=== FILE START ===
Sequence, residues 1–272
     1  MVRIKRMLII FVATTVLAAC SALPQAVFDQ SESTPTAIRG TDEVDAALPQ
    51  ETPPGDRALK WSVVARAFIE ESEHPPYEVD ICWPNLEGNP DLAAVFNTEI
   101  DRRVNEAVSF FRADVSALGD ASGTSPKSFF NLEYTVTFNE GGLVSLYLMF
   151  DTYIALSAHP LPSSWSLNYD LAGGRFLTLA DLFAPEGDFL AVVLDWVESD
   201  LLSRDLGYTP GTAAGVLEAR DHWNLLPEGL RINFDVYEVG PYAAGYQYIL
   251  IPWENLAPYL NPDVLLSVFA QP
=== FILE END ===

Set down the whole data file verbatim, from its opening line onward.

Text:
Sequence, residues 1–272
     1  MVRIKRMLII FVATTVLAAC SALPQAVFDQ SESTPTAIRG TDEVDAALPQ
    51  ETPPGDRALK WSVVARAFIE ESEHPPYEVD ICWPNLEGNP DLAAVFNTEI
   101  DRRVNEAVSF FRADVSALGD ASGTSPKSFF NLEYTVTFNE GGLVSLYLMF
   151  DTYIALSAHP LPSSWSLNYD LAGGRFLTLA DLFAPEGDFL AVVLDWVESD
   201  LLSRDLGYTP GTAAGVLEAR DHWNLLPEGL RINFDVYEVG PYAAGYQYIL
   251  IPWENLAPYL NPDVLLSVFA QP